The Clearing is not a book to go to if you're looking for fast-paced action or a driving narrative. It's got a slowly creeping sense of dread, but this will go down best if you're willing to accept its leisurely pace between horrific violences. It grows, slowly, until it reaches a flashover point. And at that point, no one can go back.
Deep in the swamps of Louisiana, where a lumber camp has been erected to process the cypress trees of the area, the older son of a lumber baron is discovered enforcing the law in a rough settlement rife with drinking and gambling. He disappeared after the First World War, leaving his family and future profession behind.
The younger son is sent to run that camp and mill, and, in theory, convince his brother to come home and shape the hell up. He finds a wet and dirty camp, with few amenities and few graces. His wife follows him, first to New Orleans, and then to the little camp of Nimbus. Notably, she does not freak out at the dirt, or the squalor, or the roughness. For that alone, I would thank Tim Gautreaux greatly.
All his female characters are as rich as the male ones, if fewer in supply. Which, in the homosocial surroundings of a lumber camp, is fitting. Ella, the woman who married the damaged Byron, and stays with him through Victrola-and-alcohol binges, is rougher than the family she married into, but has her own reasons for putting up with Byron's scars. Randolph's wife, who follows him into the swamp, discovers she quite likes the life in the camp. She attempts to introduce more families and a church, but there is no sniffing or moralizing.
But it's not a simplistic look at the freedom on the frontier. Life in the camp is hard, and the dangers real, both from the surrounding swamp, and the men who are as mean as the alligators there who don't take kindly to By and Rando trying to keep the workers less drunk and belligerent.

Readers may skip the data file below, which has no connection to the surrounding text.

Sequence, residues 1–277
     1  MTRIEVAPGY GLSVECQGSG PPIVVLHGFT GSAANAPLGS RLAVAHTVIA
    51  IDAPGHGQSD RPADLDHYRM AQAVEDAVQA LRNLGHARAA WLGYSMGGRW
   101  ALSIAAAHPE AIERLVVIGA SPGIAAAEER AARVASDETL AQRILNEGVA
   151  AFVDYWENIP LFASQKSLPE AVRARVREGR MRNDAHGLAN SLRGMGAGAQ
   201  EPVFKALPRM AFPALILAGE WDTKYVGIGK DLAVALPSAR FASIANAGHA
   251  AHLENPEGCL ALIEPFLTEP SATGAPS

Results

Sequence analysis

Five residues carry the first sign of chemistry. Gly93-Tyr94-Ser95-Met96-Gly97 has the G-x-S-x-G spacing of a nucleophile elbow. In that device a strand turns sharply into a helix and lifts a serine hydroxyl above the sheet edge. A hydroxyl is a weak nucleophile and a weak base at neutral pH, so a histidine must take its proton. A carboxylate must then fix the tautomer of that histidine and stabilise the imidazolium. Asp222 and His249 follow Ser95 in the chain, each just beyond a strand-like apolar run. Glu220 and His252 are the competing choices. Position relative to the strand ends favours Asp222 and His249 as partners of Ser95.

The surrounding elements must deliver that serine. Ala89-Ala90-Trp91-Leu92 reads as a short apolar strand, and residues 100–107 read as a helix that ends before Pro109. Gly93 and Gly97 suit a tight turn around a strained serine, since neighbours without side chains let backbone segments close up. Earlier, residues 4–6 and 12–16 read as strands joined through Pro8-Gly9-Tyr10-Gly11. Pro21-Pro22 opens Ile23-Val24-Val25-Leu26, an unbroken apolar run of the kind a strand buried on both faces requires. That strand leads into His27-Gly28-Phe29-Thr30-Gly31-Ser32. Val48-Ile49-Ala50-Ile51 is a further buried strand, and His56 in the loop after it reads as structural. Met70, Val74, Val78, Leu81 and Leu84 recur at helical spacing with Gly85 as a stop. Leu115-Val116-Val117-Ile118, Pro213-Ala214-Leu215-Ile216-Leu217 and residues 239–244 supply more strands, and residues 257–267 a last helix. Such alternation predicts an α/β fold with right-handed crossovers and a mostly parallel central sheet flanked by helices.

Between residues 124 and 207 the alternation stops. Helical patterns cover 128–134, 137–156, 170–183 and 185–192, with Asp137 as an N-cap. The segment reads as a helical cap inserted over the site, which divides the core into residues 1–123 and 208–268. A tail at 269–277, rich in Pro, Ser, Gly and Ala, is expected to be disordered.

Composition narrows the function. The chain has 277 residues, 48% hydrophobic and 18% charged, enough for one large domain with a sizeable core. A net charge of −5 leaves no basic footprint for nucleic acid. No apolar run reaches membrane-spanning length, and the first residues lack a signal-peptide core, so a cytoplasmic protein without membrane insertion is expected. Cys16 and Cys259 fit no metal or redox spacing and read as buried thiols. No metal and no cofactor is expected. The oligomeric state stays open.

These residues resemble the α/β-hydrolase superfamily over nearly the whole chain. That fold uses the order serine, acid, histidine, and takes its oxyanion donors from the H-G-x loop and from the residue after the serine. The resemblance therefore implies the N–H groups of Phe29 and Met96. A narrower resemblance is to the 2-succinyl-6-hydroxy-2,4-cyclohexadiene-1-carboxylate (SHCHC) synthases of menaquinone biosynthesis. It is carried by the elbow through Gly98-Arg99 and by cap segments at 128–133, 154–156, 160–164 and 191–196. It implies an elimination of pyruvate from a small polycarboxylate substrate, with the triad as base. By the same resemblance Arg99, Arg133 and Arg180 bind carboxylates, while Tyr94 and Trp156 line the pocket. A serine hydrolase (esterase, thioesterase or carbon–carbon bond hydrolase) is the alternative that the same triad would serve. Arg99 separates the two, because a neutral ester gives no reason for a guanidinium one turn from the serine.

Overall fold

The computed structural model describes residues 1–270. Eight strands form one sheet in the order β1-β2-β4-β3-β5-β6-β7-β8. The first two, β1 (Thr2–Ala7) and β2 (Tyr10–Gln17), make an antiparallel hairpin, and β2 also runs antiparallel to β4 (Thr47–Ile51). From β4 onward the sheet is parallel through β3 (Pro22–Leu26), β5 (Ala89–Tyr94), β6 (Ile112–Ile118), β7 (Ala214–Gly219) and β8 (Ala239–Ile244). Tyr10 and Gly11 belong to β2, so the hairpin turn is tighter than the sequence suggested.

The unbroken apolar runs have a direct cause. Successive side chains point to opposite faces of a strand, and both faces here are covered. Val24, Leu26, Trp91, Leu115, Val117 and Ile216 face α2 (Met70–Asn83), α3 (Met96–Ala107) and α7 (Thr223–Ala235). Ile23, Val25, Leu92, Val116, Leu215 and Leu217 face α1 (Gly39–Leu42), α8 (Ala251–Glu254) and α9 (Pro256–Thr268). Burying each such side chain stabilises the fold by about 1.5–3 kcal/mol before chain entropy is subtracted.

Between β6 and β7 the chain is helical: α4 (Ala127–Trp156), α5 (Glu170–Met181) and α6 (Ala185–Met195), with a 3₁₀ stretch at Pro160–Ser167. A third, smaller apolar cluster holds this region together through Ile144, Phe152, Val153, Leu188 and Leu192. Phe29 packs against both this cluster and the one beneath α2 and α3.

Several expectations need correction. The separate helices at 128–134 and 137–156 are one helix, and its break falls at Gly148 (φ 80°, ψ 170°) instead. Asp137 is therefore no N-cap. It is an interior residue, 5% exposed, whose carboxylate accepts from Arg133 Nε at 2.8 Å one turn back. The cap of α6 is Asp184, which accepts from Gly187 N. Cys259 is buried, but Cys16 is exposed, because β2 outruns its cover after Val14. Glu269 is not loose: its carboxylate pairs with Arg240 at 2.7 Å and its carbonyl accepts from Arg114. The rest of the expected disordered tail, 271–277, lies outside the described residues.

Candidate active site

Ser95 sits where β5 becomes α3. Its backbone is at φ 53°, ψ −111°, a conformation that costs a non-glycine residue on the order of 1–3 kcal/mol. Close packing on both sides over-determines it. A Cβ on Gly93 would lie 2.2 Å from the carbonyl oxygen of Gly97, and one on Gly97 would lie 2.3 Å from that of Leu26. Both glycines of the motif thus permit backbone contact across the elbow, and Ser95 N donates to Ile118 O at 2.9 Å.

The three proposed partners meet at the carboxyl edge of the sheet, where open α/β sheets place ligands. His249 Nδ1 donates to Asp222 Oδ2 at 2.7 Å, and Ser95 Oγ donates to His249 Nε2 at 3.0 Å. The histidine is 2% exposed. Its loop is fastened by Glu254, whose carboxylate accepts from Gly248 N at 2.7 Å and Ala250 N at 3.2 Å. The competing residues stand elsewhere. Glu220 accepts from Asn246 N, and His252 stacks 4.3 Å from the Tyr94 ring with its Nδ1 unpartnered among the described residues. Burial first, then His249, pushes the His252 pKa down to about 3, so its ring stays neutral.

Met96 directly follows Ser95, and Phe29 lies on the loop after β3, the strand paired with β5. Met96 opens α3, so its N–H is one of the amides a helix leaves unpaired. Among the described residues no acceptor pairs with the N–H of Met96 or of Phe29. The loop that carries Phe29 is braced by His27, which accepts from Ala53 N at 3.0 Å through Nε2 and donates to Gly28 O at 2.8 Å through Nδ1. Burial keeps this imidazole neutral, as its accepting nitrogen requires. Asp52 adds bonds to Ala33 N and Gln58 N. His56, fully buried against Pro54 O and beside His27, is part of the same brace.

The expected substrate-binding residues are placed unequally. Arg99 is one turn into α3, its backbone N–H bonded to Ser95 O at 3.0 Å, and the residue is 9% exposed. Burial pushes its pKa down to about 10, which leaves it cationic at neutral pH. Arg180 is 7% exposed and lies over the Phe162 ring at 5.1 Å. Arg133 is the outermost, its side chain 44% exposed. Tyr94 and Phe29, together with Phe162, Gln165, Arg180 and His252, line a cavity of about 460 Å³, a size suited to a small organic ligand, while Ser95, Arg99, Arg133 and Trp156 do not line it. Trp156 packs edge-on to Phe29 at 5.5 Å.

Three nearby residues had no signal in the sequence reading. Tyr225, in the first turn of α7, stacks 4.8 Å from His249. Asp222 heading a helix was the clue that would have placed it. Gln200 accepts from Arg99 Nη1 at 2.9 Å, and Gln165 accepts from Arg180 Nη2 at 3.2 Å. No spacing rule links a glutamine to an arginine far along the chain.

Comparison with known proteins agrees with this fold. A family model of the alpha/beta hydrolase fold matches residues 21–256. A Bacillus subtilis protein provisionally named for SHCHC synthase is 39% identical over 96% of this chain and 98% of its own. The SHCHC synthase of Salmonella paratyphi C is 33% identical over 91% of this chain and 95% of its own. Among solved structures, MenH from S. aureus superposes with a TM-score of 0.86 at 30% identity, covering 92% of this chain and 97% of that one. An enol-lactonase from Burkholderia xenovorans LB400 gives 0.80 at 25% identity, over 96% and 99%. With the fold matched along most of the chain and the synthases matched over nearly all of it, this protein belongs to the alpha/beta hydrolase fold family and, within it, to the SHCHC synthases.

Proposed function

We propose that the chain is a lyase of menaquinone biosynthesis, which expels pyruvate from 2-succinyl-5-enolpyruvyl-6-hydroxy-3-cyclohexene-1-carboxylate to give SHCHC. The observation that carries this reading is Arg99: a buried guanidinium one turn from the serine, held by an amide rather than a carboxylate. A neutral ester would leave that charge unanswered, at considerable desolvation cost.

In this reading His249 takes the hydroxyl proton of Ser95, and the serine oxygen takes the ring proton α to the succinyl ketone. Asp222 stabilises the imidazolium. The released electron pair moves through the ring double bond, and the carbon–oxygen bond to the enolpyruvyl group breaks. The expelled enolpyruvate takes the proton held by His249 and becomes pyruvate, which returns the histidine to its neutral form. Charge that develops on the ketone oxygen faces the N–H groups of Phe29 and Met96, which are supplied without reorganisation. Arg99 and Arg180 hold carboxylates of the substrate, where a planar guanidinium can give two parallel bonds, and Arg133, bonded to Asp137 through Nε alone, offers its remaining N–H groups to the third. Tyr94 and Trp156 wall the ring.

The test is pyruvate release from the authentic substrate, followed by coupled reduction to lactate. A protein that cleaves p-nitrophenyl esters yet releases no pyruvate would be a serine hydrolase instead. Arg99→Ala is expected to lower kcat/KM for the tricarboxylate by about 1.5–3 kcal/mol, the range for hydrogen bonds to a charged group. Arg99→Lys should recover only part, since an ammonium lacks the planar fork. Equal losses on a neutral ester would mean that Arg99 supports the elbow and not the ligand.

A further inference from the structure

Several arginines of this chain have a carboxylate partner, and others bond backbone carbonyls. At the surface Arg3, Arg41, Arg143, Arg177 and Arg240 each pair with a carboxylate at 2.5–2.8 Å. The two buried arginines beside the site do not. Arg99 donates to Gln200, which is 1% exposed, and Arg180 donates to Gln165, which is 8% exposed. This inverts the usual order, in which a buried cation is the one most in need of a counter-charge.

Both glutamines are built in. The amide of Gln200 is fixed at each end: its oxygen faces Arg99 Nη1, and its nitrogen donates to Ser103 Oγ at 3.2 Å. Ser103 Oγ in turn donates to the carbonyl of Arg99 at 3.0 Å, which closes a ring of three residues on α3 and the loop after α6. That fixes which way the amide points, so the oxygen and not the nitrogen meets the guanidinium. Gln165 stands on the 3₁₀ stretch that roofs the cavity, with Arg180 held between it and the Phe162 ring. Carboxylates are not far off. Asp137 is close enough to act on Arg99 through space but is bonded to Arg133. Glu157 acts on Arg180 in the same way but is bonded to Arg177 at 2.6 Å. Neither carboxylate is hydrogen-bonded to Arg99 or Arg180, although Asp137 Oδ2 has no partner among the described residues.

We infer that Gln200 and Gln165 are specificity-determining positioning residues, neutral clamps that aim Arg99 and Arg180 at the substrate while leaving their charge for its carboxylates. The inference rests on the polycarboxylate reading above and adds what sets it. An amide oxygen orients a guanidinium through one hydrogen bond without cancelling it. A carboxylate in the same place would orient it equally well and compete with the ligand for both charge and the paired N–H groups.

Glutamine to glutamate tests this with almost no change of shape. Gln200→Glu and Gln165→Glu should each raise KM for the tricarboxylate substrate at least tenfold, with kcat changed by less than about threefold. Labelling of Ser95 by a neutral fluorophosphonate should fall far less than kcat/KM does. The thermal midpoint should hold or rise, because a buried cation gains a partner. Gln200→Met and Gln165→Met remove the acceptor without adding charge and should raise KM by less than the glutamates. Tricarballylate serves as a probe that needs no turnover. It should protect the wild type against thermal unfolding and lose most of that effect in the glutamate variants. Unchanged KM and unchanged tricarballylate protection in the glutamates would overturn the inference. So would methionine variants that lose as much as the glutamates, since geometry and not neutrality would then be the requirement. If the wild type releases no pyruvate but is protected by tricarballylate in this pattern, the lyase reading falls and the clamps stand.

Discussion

And then there is May, Randolph's housekeeper, who has slept at least once with most of the men in the story, but for reasons entirely her own. The child born from this one character knows is his own, yet he can't say that openly. In the end, a father is declared, and the results are healing and painful both.
I haven't even mentioned the tangles with the Mafia yet. While the bar is run by an Italian not directly connected with the mob, the dealer supplied to the bar reports directly to the major crime boss/rum-runner in the area. The decision to shut down the bar on Sundays angers the boss, and this results in a series of deaths, accidental and deliberate both. Byron and Randolph and their families find themselves in the sights of killer, who was himself irrevocably altered by the same war that destroyed By.
Oh, and I just remembered the other thing I wanted to talk about! The other thing about this book that I haven't seen for a long time in the fiction I've read is the careful and sad consideration of the emotional damage caused by killing other human beings. Byron is the most obvious example of this, of course, having come back from the war haunted by what he did and saw there. But it goes further than that. When another character is forced to kill someone in the bar, in self-defence and to save another man's life, when it's the most justified killing could ever possibly be - it still has an impact. The person who did it is now a killer, now has to walk around with that, and it haunts him. It made me realize how much fiction tosses off killings as easy, particularly if they're justified. This book does not.
I enjoyed the complexity of The Clearing, the small movements towards a disaster. It's a book that takes its sweet time, but ah, the moments that are scattered on the way. It's thoughtful, and detailed. I don't know that I loved it, but I liked it quite a lot.